ACCC chair Rod Sims suggests Facebook users enter into potentially unfair contracts

ACCC chairman Rod Sims

Source: AAP/Dean Lewins

The chairman of the Australian Competition and Consumer Commission (ACCC) has suggested Facebook users are entering potentially unfair contracts, amidst a national inquiry into the role of tech giants like Facebook in Australia’s digital media landscape.

ACCC chairman Rod Sims was speaking about the inquiry at The Australian’s Global Food Forum in Sydney on Tuesday, where he reportedly said the Cambridge Analytica scandal has been an awakening for many social media users who have only just realised how much data is being retained on them.

According to The Australian, Sims suggested users of the social media platform are agreeing to terms and conditions without comprehensively understanding what they are handing over to the platform. This contractual agreement, Sims suggested, falls in favour of the social media giant.

“Did they know that when they connected to another website, that Facebook was gathering data on that? It’s all in the terms and conditions if you want to have a look at them but I’m not sure many of us do,” Sims said at the forum.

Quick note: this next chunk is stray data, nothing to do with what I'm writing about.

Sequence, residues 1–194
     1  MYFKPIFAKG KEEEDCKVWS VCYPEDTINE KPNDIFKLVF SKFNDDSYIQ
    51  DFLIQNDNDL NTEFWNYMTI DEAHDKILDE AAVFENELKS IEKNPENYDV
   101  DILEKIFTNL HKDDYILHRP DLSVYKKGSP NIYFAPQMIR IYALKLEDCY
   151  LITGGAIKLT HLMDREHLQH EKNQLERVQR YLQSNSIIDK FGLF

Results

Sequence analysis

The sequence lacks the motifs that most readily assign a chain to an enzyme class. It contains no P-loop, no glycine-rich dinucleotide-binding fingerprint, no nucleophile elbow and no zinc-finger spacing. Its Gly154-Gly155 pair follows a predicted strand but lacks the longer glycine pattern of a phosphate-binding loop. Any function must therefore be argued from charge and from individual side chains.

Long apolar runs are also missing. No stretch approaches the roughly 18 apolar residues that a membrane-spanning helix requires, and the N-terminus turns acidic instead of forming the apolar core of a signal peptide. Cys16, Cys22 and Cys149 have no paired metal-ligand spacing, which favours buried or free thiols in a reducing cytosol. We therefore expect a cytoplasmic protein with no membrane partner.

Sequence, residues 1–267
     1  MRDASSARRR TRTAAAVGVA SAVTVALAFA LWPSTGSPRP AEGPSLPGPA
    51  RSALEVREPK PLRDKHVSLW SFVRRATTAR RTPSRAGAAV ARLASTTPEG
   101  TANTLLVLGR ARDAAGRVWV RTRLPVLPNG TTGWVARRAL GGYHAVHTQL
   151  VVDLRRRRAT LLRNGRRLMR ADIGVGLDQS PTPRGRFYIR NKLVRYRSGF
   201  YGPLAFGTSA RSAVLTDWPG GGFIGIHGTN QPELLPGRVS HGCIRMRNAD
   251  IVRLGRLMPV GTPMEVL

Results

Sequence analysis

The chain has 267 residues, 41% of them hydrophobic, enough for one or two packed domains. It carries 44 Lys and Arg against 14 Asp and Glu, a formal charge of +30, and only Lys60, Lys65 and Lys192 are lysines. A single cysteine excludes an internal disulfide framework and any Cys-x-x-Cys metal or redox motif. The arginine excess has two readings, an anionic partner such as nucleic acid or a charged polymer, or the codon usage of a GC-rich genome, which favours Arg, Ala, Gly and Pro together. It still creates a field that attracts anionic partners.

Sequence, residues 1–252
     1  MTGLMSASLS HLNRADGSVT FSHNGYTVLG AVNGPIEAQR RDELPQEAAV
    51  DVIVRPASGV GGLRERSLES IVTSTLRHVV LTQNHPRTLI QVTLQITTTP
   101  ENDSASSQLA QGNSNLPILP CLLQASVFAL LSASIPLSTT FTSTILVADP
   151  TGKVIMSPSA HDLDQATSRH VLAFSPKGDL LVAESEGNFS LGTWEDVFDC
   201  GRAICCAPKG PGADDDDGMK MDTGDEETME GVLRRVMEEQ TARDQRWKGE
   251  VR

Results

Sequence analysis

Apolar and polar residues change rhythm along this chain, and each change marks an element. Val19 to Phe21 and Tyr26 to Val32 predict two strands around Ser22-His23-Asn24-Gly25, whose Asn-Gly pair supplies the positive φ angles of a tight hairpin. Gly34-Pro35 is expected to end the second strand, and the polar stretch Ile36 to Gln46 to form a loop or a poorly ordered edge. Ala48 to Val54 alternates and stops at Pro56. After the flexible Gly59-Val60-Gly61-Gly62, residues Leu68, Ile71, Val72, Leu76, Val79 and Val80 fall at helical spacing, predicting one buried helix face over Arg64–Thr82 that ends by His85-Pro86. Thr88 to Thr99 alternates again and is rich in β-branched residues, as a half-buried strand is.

He questioned how many users of technology platforms really understand how their data is being used and “to what extent” contracts with users are “fair”.

“I know Facebook have said, well, you know, people agreed to this. Well, I suspect 80 percent of people in this room are Facebook users and I would be interested to know how many know what they signed up to,” Sims said.

The ACCC launched an inquiry in December into the digital media market and how businesses compete with each other as part of a media reform package proposed by the federal government.

According to The Australian, the ACCC is also looking into how Facebook bargains with publishers and the relationship between the platform’s algorithm and digital journalism.

The ACCC has been cracking down on unfair contracts that favour big businesses over small businesses since November 2016, when amendments to Australian Consumer Law were passed through Parliament.

NOW READ: What does the Cambridge Analytica Facebook scandal mean for small businesses in Australia?

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